Discussion in 'Hardware, Setup & Repair [BG]' started by codeine, Jun 21, 2002.

  1. Ok now here is the situation; my cort curbow is setup perfectly (My teacher set it-truss rod and all else)
    but my action is high (his words as well as mine) and my saddles are as low as they can go. he suggested that i get a few millimetres (1-3)(sorry about teh metric) machined off the bottome of teh bridge.

    I would like some more opinions on this so go for yourl ives.
  2. is it bolt-on ?

    yes ? good so remove your strings, and unscrew the neck. next, put some thin iron rings on the place where the rear screw-holes are, and re-attach the neck.. the rear of the neck will have been raised by one mm, causing the neck to tilt forward a little. should fix your problem.
  3. I would not shim the neck. I would change the bridge, or have it machined. Th neck needs to have as much contact with the body as possible. There are lots of good aftermarket bridges to use also.
    Just my opinion!
  4. The bolt on suggestion is quite intruiging, as more of a bass to learn on for a cheap fix it wouldnt be so bad. With the new bridge dont most aftermarket bridges bolt onto the top of the body which would be a problem with the curbow bridge being sunk into the body?

    Thanks for the replies
  5. pkr2


    Apr 28, 2000
    coastal N.C.
    I agree that having full wood to wood contact in the neck pocket is desirable.

    Achieving the proper neck angle is more desirable, though.

    If the instrument has the original bridge and the saddle adjustments run out of range, that's a sure sign that the neck angle is faulty.

    Milling the bridge thinner may get the action down but it doesn't address the real problem.

    If the neck angle is just a fraction of a degree off it can and probably will put enough strain on the neck joint to eventually cause the neck to develop a "ski ramp" bend at the neck joint.

    The string tension should always be as nearly parralel (sp?) with the top surface of the body as possible.

    If full contact is really that important, the Fender Micro Tilt adjustment method wouldn't work as well as it does.

    I have shimmed a lot of necks and have never heard one iota of difference in sustain or tone with shims or without.

  6. I removed the Gotoh 201 from my MIM P for this same reason.

    One solution would be using smaller diameter saddles. The ones from the stock MIM bridge are smaller than the Gotoh sadlles, but they use a larger diameter adjusting screw. I would have to bore out the Gotoh bridge casting to accept the larger screw.

    Another solution is having a precision rout cut into the body to accept the bridge and lower it into the body by a MM or two. You would need a precision jig setup and an experienced wood worker to avoid butchering your bass.

    Another solution is have a machinist turn down the grooves in your saddles and reduce the diameter. This will weaken the saddles.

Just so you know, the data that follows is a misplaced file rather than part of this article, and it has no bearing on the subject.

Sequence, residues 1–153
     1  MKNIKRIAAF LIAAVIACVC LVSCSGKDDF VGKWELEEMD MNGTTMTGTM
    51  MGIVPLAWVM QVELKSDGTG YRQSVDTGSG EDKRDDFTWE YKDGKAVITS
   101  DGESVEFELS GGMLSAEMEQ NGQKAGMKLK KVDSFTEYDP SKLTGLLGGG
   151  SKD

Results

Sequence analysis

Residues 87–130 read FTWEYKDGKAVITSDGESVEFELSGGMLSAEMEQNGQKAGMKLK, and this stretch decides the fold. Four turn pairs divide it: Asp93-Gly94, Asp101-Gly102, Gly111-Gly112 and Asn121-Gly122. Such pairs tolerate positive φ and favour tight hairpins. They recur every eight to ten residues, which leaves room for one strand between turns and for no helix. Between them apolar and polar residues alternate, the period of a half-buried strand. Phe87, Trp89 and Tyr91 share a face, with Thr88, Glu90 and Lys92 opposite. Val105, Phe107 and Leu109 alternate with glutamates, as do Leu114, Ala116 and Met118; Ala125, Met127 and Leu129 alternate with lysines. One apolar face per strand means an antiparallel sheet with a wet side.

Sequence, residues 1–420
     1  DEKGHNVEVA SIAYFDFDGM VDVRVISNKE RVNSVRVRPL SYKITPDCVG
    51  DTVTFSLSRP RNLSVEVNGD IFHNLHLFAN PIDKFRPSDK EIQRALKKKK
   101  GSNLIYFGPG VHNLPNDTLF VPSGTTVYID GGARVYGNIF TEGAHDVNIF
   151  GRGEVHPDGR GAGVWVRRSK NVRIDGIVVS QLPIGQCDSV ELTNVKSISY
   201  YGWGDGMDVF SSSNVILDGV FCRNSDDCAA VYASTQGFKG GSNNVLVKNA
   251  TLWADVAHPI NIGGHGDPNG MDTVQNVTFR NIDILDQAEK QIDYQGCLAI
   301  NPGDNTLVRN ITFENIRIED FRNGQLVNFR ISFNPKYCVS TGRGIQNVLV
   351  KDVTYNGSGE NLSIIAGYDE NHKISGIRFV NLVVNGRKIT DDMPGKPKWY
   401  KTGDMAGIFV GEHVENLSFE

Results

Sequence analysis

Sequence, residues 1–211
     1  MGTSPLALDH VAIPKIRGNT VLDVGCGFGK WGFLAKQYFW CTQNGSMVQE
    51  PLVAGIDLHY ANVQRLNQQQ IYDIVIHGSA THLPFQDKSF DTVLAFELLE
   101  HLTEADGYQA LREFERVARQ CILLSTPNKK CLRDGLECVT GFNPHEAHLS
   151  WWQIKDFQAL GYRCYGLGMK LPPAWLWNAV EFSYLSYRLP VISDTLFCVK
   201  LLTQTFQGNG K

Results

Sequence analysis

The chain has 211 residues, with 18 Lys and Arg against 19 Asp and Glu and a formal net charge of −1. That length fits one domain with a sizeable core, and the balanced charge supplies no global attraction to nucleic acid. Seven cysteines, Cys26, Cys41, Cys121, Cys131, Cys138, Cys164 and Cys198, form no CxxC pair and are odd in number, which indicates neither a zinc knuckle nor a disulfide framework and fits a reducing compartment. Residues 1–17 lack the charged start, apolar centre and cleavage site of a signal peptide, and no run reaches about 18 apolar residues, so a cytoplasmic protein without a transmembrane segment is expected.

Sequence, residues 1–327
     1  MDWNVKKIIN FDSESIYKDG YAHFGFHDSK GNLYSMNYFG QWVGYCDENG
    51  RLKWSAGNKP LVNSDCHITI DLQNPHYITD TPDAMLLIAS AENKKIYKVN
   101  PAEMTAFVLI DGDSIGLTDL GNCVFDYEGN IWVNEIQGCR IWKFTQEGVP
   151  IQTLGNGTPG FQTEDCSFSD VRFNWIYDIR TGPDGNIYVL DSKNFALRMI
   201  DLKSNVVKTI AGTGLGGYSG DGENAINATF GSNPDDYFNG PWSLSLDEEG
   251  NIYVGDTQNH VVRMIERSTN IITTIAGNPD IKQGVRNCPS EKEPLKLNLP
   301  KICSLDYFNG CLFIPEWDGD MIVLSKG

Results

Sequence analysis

7. in my inexperience i had never really even thought about the angle of teh neck. Thanks heaps for teh input, i will bounce the idea off my teacher see what he thinks about these other options.
  8. There are some other issues with this particular bass that might have a bearing on the discussion. I owned one of these Corts and am familiar enough with it's construction to see some problems that might arise.

    First, the bridge on the Cort Curbow is not mounted with it's base parallel to the fretboard. It is mounted with the rear of the bridge angled down. Sort of unusual but it seems to work nicely with the design. The Cort Curbow is a very small body with a "carved" top surface. Having the bridge angled down might be necessary to accomodate the large bridge on such a small body. Additionally, because of the "carved" contours, the bridge actually sits in it's own little pocket - similiar to having one inletted into the body. You will be hard pressed to find one that will match the footprint dimensions of the original Cort bridge and that would make for a poor fit with the existing contours.
    Another problem is that these basses aren't wood, they're made of Luthite. Replacing the bridge in any fashion could cause problems when drilling or tapping for the new screws. I haven't worked much on Luthite but I can imagine the worst.

    Having said all that, how's this for a solution:
    Assuming you've got the right neck angle in place, you could remove the saddles and machine off the bottoms the make for more adjustment. These saddles are HUGE - very thick and bulky. There would be plenty of material to work with to get the adjustment right. You could do this fairly easily with a belt sander held rigid with the belt up. By holding the saddle with pliers and pressing them against the belt, you could remove material in pretty quick fashion. Be careful to make them all the same though or you might have to take them off again to get them right.

    Hope this helps...